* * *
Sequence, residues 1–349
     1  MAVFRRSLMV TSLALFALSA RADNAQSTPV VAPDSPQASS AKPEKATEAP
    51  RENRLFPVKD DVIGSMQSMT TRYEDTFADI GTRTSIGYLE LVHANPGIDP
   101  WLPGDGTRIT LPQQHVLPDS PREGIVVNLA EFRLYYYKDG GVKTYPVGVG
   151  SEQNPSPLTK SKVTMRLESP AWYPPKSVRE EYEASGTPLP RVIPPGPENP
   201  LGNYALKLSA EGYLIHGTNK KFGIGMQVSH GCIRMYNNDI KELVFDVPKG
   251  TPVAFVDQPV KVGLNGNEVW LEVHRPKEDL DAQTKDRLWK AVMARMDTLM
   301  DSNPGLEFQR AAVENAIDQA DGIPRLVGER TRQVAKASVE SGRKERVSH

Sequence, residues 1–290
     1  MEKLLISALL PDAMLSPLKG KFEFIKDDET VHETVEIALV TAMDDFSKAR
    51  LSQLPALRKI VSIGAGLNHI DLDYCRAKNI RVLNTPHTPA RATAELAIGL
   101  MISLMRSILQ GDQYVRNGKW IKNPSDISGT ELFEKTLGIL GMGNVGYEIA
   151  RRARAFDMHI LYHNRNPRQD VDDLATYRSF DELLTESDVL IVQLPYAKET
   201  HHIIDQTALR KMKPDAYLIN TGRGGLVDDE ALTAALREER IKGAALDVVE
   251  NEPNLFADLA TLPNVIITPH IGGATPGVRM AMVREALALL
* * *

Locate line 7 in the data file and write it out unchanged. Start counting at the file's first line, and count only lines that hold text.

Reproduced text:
   251  TPVAFVDQPV KVGLNGNEVW LEVHRPKEDL DAQTKDRLWK AVMARMDTLM